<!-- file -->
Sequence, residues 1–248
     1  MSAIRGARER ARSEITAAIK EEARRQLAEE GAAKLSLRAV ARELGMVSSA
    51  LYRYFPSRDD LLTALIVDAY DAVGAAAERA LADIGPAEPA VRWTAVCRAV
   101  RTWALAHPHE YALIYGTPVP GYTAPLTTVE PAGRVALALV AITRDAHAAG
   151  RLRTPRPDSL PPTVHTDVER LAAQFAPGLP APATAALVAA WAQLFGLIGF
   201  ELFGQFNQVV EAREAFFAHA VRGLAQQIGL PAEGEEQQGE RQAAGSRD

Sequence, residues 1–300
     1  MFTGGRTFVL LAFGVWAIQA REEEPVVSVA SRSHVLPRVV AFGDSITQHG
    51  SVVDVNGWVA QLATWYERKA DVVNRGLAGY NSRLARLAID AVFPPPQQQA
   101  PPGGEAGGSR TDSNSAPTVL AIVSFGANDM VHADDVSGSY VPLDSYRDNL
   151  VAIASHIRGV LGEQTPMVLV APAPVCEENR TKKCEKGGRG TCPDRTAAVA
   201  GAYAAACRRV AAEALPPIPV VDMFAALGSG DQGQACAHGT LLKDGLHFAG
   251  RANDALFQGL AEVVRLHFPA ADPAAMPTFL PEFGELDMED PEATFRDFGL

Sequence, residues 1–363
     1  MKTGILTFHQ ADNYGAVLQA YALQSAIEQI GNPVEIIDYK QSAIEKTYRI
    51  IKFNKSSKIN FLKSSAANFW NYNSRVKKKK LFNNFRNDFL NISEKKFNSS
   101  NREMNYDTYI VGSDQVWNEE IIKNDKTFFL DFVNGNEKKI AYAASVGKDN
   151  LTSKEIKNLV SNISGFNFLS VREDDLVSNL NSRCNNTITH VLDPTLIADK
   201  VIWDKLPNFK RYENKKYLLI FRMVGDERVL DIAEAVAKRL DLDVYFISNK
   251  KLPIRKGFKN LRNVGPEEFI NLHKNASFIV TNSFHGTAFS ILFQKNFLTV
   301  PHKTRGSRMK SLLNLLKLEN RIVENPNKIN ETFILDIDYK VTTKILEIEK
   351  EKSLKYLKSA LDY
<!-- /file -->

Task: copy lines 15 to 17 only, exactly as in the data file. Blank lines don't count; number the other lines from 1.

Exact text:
     1  MKTGILTFHQ ADNYGAVLQA YALQSAIEQI GNPVEIIDYK QSAIEKTYRI
    51  IKFNKSSKIN FLKSSAANFW NYNSRVKKKK LFNNFRNDFL NISEKKFNSS
   101  NREMNYDTYI VGSDQVWNEE IIKNDKTFFL DFVNGNEKKI AYAASVGKDN